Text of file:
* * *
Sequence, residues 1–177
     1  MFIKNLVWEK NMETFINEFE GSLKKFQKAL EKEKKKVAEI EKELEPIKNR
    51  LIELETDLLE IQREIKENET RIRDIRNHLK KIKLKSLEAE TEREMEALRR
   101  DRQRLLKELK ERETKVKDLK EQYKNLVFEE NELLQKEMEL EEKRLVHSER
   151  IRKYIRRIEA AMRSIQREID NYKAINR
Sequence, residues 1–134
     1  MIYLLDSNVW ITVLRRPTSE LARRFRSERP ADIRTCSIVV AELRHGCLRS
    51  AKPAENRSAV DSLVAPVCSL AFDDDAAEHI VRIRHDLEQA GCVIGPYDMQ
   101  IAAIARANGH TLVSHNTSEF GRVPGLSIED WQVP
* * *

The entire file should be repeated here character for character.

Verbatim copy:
Sequence, residues 1–177
     1  MFIKNLVWEK NMETFINEFE GSLKKFQKAL EKEKKKVAEI EKELEPIKNR
    51  LIELETDLLE IQREIKENET RIRDIRNHLK KIKLKSLEAE TEREMEALRR
   101  DRQRLLKELK ERETKVKDLK EQYKNLVFEE NELLQKEMEL EEKRLVHSER
   151  IRKYIRRIEA AMRSIQREID NYKAINR
Sequence, residues 1–134
     1  MIYLLDSNVW ITVLRRPTSE LARRFRSERP ADIRTCSIVV AELRHGCLRS
    51  AKPAENRSAV DSLVAPVCSL AFDDDAAEHI VRIRHDLEQA GCVIGPYDMQ
   101  IAAIARANGH TLVSHNTSEF GRVPGLSIED WQVP